Whilst the UK has granted the EU equivalence, the EU has not reciprocated.
It is increasingly unlikely that they will since the UK’s plans to incentivise investment are already on a path of divergence in terms of regulatory philosophy.
This is evident in plans for financial deregulation such as removing the cap on the number of commodities contractors can hold and the removal of caps on ‘dark pools’, whereby trading is done in a private forum with little transparency.
The LSE was also quick to refocus business towards emerging markets, recently announcing a partnership with the Singapore stock exchange by introducing a range of environmental derivatives and strengthening ties with both established and emerging Asian markets.
Challenges the EU Faces
In this battle for derivatives, the EU is faced with two major problems. Firstly, European clearing houses are usually back-up options for investors whose portfolios consist of more than euro-denominated derivatives.
Secondly, LCH is a behemoth in the market. Its established economies of scale and scope have proved its advantage in the face of global recession.
If the EU shifts more traffic into European Clearing Houses, they are highly likely to disincentivise foreign investment due to higher costs.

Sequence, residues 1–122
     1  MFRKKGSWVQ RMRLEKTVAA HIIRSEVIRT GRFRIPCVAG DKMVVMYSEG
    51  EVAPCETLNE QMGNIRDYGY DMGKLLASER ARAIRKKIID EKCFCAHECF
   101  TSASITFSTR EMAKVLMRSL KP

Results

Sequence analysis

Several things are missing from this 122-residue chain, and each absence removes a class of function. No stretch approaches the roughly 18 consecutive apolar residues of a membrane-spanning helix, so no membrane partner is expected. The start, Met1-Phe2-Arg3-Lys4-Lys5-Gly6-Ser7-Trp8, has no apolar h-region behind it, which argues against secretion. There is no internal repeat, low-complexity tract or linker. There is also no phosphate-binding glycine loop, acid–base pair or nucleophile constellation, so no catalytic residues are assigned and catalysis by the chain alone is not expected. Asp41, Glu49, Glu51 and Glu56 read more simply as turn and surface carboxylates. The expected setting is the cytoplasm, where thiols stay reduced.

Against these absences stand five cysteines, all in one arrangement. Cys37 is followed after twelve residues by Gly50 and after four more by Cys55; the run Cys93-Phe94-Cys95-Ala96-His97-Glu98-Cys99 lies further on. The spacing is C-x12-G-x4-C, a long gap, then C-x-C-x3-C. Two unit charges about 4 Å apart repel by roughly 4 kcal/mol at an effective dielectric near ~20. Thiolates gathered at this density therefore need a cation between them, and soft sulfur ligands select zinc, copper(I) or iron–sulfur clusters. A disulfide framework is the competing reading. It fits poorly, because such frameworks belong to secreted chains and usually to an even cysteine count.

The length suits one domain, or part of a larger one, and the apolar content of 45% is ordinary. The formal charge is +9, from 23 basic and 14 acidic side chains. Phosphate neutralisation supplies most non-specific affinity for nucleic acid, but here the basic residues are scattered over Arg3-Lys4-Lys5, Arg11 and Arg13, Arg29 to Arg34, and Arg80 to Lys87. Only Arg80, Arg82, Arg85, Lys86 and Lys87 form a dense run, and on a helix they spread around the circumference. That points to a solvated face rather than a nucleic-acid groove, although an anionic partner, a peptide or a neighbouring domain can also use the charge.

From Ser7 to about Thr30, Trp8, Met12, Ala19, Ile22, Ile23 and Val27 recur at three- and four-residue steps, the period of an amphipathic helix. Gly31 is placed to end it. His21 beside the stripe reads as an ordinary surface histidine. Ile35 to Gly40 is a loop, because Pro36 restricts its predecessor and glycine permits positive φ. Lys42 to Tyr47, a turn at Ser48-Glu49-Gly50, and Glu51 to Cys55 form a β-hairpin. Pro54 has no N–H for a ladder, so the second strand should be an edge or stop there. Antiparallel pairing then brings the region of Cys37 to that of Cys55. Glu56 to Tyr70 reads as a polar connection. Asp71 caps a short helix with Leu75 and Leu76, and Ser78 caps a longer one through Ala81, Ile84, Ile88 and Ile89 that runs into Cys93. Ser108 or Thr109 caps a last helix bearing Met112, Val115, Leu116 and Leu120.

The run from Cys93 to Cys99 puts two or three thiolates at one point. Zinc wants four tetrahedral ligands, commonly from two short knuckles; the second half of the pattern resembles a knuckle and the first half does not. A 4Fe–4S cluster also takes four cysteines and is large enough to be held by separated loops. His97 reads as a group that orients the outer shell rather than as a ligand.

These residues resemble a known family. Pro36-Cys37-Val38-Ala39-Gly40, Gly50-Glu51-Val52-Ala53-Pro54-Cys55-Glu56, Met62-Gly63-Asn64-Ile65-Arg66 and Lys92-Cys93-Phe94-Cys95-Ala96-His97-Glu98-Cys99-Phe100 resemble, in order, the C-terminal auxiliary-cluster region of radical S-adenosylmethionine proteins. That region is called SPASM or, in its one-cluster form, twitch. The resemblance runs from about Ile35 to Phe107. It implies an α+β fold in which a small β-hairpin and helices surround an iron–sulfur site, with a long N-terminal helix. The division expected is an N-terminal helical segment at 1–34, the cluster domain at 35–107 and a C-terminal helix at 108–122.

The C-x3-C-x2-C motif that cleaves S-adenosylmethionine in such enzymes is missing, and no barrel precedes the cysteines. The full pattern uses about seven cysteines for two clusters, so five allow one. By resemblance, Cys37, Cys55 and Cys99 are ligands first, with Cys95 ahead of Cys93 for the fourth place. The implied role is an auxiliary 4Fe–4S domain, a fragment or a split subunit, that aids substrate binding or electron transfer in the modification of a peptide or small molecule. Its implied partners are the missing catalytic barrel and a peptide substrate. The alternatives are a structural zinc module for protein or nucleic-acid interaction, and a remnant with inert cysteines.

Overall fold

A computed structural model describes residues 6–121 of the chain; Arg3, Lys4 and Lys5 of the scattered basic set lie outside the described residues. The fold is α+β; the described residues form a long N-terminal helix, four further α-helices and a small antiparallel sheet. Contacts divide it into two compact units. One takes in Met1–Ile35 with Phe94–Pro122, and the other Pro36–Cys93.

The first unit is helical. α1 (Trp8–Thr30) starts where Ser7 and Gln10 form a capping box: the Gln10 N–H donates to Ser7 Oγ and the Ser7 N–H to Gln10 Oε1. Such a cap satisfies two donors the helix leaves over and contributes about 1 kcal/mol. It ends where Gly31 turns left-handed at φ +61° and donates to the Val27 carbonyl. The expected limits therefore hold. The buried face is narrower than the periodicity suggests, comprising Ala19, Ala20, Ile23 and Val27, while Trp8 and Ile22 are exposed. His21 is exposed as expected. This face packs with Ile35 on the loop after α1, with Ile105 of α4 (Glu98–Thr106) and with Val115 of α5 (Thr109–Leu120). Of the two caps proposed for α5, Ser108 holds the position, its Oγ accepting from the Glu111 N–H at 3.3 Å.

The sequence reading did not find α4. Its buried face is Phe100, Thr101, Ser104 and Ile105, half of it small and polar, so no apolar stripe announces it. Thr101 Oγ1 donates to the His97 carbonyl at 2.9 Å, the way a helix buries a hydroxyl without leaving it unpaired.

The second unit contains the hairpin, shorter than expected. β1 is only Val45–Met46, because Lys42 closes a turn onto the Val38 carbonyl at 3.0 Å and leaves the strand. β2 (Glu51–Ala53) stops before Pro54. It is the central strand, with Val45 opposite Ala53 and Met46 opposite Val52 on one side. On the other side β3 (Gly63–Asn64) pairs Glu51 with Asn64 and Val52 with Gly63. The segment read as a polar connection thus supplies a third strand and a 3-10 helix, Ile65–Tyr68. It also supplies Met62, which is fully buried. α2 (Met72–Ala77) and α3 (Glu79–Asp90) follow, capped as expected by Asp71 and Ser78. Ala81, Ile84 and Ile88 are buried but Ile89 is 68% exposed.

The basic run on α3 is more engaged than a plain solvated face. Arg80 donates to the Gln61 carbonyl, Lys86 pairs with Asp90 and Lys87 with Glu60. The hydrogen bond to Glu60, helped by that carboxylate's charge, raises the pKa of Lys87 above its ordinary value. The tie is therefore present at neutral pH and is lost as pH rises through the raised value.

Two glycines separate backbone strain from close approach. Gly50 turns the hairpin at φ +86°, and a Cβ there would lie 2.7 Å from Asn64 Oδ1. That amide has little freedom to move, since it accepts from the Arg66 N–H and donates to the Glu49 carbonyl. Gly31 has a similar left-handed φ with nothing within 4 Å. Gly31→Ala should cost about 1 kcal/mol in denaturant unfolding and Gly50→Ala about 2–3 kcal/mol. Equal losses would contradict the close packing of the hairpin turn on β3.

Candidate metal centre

In a letter to the commission, the ISDA predicted that the margin requirement would increase by 16-24% on average, meaning that holders would need to pay more to deposit in order to cover the credit risk.
With a greater pool of experience for cheaper prices, it is unlikely that many will look to Eurex for clearing, especially considering that 99% of their outstanding clearing is in Euros.
Within the current political climate, it seems highly unlikely that there will be an equivalence deal soon, if at all.
Even if one was reached, EU Law still states that equivalence can be redacted with a 30-day notice period, leaving many investors uneasy as to the long-term certainty of their investment.
There is therefore no sense in waiting for an EU hand to help the UK out of this situation.
If the UK seeks to offset the shrinking market share of euro-denominated derivatives, as is the case with all break-ups, then the UK must focus on itself.
If plans for deregulation come to fruition, could the UK regain its title as the top global finance hub?